Down the hall, we found a bar area that looked like the interior of a medieval castle, except lined with couches and tables filled with customers in robes snoozing, drinking wine or reading books. So far, so good. Around the corner, however, is where things got interesting. The sauna’s ornate showers were filled with people of all ages scrubbing themselves with florescent bathing salts from three small cauldrons. Mothers showered alongside daughters. Couples ranging in age from 20 to 70 casually chatted about everything from the weather to the temperature of the water while they washed their hair. You know those hefty, middle-aged guys who hang around beaches in Speedos, flaunting their girth, guts and gold chains? There were three of them in there all soaped up, sans Speedos.

As I’d been told, the “no big deal” vibe was in full effect. Everyone was acting like all of this was perfectly natural, normal and not the slightest bit awkward. It’s amazing how quickly nakedness can become blase in a Dutch sauna. It’s like getting tossed into the deep end of the culture shock pool. If you can survive five minutes in the communal showers without fleeing towards the nearest exit, and if you’re not terribly self-conscious, the rest of the trip is mild by comparison.

Everyone at the Van Egmond seemed far more interested in relaxing, zoning out and ignoring the real world outside than anything else; too wrapped up in letting their cares wash away to scope out all the bare flesh on display. In here, everyone’s brains were switched to “off.” Stepping into the soaking pool earned us, at most, a quick glance before our fellow spa-goers went back to starring into space or floating around like content fetuses. It’s easy to adopt that same attitude. After we spent ten minutes soaking up the heat and listening to ambient jungle sounds in one of the saunas, my brain took on the cranial wave patterns of the average babe in a mother’s belly. My thoughts became about as verbose as the Incredible Hulk’s after a huge bong rip. “Duh….duh….Brandon smash? No, Brandon want lay about in daze for next three to five hours.”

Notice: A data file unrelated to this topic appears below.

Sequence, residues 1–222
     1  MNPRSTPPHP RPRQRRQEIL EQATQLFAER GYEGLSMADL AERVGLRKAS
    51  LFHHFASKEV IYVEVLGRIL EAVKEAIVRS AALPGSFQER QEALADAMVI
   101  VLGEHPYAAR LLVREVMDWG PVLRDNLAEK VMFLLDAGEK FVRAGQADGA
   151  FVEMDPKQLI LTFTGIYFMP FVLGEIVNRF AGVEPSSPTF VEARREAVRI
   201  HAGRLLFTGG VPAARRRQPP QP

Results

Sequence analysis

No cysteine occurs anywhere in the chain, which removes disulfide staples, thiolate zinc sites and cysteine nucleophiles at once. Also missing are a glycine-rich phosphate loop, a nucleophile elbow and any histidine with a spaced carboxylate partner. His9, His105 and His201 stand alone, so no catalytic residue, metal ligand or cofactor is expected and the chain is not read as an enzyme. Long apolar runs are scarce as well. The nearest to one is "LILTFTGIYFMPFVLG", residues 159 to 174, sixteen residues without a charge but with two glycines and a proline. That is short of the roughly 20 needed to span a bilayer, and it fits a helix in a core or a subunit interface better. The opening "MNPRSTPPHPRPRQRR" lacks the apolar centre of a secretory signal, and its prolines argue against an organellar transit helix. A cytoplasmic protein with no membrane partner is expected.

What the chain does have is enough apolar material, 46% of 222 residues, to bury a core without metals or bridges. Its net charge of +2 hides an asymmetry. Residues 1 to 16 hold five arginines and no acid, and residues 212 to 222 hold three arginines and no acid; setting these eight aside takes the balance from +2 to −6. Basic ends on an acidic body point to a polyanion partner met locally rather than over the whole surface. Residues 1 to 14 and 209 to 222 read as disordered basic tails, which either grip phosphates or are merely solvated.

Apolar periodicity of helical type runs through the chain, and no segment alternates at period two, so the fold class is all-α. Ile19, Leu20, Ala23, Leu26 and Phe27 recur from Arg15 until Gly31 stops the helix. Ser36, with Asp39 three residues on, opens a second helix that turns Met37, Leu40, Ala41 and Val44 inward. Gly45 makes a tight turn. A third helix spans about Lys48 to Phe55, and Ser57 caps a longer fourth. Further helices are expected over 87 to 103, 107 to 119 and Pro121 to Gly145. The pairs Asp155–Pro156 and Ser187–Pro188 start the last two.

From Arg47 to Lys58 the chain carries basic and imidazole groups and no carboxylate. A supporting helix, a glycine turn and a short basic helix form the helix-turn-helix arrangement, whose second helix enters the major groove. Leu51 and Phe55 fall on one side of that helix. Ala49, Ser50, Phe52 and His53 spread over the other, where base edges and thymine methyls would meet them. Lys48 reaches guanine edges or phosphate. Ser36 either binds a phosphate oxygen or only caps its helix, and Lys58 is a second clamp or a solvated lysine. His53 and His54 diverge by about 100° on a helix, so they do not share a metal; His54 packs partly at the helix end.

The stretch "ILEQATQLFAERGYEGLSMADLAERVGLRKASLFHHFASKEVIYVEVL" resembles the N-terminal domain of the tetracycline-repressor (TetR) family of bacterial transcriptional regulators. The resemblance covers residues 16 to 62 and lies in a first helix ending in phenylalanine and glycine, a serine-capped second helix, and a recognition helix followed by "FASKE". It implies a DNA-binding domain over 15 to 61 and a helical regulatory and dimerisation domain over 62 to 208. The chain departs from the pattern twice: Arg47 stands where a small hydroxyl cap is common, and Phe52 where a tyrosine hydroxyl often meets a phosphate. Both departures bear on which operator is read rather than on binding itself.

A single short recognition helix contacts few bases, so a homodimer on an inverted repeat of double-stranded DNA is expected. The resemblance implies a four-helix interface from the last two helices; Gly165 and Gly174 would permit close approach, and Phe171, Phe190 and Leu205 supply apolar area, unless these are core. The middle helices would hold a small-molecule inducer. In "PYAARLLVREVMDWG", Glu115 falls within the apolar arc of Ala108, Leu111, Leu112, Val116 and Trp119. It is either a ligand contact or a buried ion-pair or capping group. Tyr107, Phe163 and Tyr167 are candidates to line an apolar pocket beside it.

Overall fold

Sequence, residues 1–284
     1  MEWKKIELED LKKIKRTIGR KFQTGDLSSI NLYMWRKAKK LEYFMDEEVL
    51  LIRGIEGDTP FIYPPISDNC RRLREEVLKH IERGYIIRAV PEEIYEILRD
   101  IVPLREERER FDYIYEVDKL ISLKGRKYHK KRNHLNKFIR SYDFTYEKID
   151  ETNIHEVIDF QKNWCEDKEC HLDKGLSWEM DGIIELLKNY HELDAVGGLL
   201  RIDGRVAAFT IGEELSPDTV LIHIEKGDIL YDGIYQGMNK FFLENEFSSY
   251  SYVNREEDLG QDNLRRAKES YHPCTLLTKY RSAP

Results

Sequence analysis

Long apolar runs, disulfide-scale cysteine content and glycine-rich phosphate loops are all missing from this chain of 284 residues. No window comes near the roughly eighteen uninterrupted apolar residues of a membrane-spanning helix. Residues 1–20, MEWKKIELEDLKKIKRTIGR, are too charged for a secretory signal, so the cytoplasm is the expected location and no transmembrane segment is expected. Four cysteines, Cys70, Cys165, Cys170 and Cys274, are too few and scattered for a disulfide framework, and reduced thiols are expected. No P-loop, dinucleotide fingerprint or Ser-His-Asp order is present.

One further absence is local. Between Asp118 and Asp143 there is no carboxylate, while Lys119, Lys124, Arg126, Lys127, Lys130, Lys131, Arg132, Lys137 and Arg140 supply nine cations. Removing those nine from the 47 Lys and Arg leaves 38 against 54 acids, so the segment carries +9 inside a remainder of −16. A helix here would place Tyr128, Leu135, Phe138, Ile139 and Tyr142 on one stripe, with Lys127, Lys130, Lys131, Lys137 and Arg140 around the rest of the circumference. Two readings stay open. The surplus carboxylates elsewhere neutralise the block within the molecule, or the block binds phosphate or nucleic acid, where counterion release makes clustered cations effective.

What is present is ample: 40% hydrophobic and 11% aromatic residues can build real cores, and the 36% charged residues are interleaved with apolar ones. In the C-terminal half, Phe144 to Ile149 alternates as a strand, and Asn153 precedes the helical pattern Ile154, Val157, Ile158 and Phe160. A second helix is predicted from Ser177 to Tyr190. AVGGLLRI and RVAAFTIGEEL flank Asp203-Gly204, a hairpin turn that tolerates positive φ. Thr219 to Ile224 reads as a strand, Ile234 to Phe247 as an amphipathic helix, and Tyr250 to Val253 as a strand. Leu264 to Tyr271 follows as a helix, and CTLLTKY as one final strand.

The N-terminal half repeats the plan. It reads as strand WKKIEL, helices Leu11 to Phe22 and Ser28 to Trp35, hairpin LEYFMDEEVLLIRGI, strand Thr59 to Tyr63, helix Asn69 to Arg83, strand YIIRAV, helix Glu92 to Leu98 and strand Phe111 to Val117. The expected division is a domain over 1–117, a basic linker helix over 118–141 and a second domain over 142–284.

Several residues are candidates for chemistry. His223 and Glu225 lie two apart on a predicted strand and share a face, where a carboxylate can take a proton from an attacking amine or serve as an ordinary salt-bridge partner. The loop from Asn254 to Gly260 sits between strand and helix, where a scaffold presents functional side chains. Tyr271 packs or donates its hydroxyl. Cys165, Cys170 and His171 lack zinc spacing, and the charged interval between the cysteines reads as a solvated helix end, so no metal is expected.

It’s no wonder that, after trying out the Van Egmond’s various saunas and trotting across its heated floors, that many of its clients opt to find a comfy couch and take a nap. A fire pit near the bar is Relaxation Central. I returned to the locker room for my copy of Infinite Jest, found a fireside spot and managed to read all of two pages before slipping into oblivious slumber. Meanwhile, my girlfriend managed to work up the energy and motivation to head all the way upstairs for a hot stone massage.

After an afternoon here, it’s easy to understand why babies scream their heads off after being born. A trip to the Sauna Van Egmond is probably the closest I’ll ever get to returning to the womb and a state of blissful unawareness. By comparison, the outside world is a hectic, noisy place filled with perpetual annoyances like “having to walk more than ten paces” and “no immediate access to smoothies and cheese plates.”